Apart from allocating roles and tasks for members within a group, teachers can also assign specific roles and tasks to individual groups. For instance, in  Dr. Fung’s negotiations simulation exercise, all students are assigned into group teams. Each group assumes the role of a particular nation. Within each group, students identify individual roles. As all students have a role to play, they can make unique contributions to the discussion.

  2. Preparation before class
    Learning aids
    Apart from forming groups, what should teachers do before class? Most of the speakers prepared learning materials such as worksheets to be used in class. This is to check and reinforce students’ understanding of content delivered in pre-class materials, support in-class activities, and improve students’ engagement during class. In worksheet design, most of the presenters chose to use problem-oriented or case-based content to structure the materials. These worksheets can also be used after class as homework.

    Reminders before class
    Another preparation that needs to be done in advance is to send out reminders to students to go through the pre-class materials in preparation for the in-class activities. Check out this article for more tips on how to prompt students to prepare for class.

  3. What should be done in class?
    The basic structure of in-class activities usually involves three stages:

    1. The input stage, where teachers brief students of the background information,
    2. The processing stage, where students process information and construct ideas, and
    3. The output stage, where students present their work and obtain feedback.
    1. Briefing
      Teachers should introduce the topic and provide background information of the learning activities through a short briefing. In Dr. Fung’s negotiations simulation activity, all students receive a one-page brief and a 10-minute presentation by Dr. Fung on the background of the scenario before they start working on their tasks.
    2. Building ideas
      After the briefing stage, students should be ready to process the information, explore the topic and generate ideas, in groups or individually. Examples of activities are case analysis, brainstorming, discussion, peer teaching, co-writing, and co-creating projects. This part should be led by students themselves, with teachers acting as facilitators and/or monitors. Teachers should take an active role in communicating with students from time to time, in order to provide timely support and suggestions.
    3. Dr. William Man Yin Cheung, Faculty of Science, offering support to students in group discussions.

    4. Presentation and feedback
      Lastly, students are encouraged to present their work for feedback and suggestions from peers and teachers. The presentation can be conducted in class or online. The following are some examples showcased in the symposium:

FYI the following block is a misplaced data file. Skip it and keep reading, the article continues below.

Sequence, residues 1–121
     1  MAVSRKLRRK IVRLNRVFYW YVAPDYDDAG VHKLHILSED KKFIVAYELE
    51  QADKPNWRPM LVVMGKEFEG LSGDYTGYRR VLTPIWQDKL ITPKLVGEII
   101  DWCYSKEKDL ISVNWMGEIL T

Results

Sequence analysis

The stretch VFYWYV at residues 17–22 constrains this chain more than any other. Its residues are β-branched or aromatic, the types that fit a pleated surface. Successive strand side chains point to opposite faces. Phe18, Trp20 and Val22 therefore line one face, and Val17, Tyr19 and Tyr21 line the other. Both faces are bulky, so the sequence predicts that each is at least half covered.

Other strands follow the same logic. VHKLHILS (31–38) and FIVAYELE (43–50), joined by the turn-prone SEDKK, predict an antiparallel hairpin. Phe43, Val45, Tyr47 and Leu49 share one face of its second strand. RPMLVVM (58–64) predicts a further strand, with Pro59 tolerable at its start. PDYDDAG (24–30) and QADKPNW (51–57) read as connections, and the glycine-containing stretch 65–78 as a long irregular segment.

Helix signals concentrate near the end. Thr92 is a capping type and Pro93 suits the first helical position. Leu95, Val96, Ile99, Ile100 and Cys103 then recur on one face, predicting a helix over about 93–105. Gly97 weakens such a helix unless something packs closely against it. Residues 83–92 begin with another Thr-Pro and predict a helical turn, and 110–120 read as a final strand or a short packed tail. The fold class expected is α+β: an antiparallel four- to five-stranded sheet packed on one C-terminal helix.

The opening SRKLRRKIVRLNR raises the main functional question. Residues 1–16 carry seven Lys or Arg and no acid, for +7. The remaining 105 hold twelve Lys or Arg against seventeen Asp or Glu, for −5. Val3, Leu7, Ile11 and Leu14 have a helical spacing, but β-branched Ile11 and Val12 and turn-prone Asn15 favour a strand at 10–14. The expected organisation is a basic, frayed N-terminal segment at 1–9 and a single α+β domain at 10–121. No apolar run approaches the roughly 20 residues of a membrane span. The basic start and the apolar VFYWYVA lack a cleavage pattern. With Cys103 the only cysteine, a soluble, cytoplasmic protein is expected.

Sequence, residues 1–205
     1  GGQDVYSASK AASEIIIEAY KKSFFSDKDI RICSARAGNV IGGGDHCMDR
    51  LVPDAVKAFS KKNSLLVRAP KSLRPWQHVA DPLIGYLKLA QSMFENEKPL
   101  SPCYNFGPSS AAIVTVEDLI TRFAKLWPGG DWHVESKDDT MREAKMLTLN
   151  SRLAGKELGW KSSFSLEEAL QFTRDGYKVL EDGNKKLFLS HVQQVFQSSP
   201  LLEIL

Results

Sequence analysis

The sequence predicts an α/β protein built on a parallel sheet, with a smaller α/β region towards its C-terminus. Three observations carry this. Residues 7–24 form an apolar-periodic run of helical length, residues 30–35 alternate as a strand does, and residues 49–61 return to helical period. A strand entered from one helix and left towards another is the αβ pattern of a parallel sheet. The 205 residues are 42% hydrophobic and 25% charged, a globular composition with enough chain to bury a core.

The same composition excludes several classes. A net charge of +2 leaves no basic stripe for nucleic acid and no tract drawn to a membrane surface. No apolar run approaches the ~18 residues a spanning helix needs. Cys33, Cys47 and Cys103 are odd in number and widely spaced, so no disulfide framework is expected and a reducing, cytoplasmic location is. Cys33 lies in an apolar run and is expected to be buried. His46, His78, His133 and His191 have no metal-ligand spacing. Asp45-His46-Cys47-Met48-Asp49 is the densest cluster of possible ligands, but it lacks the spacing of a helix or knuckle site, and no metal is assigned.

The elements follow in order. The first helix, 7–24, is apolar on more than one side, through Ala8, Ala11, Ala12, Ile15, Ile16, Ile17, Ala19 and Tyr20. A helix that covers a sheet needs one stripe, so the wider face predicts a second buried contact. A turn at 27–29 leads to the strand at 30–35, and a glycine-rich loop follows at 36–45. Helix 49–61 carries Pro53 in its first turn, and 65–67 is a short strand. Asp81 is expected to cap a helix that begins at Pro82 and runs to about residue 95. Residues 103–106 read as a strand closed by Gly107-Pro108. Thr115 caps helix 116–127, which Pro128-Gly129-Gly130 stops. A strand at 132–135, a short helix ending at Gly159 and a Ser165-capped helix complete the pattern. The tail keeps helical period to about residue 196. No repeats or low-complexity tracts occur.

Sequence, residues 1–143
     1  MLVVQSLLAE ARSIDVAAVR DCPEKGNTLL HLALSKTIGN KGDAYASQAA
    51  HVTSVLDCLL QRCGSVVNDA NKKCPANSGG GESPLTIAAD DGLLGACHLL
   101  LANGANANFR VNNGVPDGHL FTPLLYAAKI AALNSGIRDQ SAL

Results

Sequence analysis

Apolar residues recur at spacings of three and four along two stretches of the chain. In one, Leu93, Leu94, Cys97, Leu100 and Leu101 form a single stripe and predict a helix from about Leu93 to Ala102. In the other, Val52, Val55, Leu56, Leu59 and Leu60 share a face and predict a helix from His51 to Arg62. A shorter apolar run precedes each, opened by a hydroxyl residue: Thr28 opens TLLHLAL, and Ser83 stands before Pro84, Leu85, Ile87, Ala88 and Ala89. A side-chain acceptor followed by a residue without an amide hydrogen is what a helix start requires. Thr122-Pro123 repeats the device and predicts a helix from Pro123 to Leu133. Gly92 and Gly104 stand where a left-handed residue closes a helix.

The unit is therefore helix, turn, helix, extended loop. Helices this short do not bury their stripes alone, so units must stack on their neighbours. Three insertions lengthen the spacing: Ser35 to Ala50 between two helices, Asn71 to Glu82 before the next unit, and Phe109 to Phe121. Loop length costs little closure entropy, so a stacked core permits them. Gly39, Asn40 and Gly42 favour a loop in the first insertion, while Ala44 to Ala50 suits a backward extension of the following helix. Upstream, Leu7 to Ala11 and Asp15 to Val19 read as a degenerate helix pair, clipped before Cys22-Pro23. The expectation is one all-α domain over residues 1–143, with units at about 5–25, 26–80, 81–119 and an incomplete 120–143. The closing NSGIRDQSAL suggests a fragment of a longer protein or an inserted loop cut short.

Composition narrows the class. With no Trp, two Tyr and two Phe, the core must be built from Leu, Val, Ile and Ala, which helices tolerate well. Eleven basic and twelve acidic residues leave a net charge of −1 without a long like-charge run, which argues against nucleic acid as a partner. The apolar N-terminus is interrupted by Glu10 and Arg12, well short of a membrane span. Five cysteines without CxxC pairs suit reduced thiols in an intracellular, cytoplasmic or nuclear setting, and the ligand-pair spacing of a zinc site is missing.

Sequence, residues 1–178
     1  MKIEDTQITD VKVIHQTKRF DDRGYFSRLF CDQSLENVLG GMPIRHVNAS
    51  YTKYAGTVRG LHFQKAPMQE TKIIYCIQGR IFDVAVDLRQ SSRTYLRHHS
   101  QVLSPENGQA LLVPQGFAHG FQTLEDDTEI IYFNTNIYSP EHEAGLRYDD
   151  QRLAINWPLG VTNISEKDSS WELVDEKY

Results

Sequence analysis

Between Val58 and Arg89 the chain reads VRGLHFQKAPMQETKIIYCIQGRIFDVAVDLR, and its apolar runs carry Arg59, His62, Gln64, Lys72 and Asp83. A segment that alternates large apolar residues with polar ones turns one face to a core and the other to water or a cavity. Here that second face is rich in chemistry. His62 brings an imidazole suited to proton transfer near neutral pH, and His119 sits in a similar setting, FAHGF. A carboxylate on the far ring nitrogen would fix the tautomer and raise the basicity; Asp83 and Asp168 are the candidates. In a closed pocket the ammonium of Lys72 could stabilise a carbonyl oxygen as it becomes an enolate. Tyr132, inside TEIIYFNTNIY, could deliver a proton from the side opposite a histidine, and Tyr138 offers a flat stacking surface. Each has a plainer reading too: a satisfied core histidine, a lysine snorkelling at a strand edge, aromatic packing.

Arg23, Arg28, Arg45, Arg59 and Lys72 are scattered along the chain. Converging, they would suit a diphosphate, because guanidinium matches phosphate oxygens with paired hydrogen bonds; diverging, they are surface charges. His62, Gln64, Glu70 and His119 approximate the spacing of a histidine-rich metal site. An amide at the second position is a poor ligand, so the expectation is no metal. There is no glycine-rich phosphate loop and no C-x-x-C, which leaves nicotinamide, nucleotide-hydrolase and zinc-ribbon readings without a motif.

• In Mr. Pryor’s course, students post their work on walls, transforming the classroom into a gallery. Students responded positively towards this approach – they enjoyed this activity as they were inspired by others’ work in an intuitive way.

      Reading each other’s work and commenting using post-its and stickers.

      • Professor Ricky Kwok suggested that game elements can be included in this stage to excite students, such as competition among groups as “that is where learning happens”. Find out how students learn in Professor Kwok’s class in this video: https://youtu.be/pm-W_0f-bkE
      • Check also this article on the 4Cs principles proposed by Professor Kwok in creating engaging in-class activities.
  4. Tools to facilitate in-class group activities
    Our speakers recommended the following online tools to facilitate cooperation and collaboration among learners, as well as communication between teachers and students:

    • Google Docs or Google Drive: In CAES’ in-class collaborative writing activity, students co-compose their work using Google Doc. This tool allows several students to work together simultaneously and to share individual input with teammates in real time.In Mr. Pryor’s course, Google Drive folders and Google Docs are created as portfolios for each group. Students are instructed to post their coursework using these tools. This practice allows students to review their peers’ work conveniently on one single platform and give honest feedback to each other.
    • Mentimeter: This is an easy-to-use, visual tool useful for assessment and presenting results. For example, it allows teachers to set Multiple Choice Questions (MCQ) and students to respond using their mobile devices. The results of students’ choices will be shown to teachers immediately, so that teachers can know students’ understanding of the learning contents and offer timely support and clarification. Teachers can also choose to display students’ choices in real time to the whole class, prompting further discussions based on the presentation.

    Using Mentimeter in a large scale flipped class.

  5. Setting up infrastructure to support in-class group activities
    Most presenters in the symposium, including Professor Kwok, Dr. Fung, Mr. Pryor, Dr. Ming-Yen Ng, Dr. Michael Botelho and Professor Rick Glofcheski mentioned that the physical setting of the classroom is essential in providing a better flipped classroom experience for students. An ideal setting would be a cafe-style classroom, i.e., a flat classroom with movable furniture, and the classroom should also be adaptable for a workshop format. As there are a lot of group activities in a flipped class, such a setting allow greater flexibility in grouping students. Also, seat arrangement planned in advance is greatly helpful for classes with a large number of students, as in Professor Glofcheski’s flipped Tort Law classroom with more than 200 students.

These are just some of the many possibilities of what you can do in class. Be creative and design your very own in-class activities. Contact us if you are interested in bringing technology into your classroom.

In the next blog post, we will discuss how to evaluate the effectiveness of your flipped class.


Trailer and sneak previews


About this course
“If history is our guide, we can assume that the battle between the intellect and will of the human species and the extraordinary adaptability of microbes will be never-ending.” (1)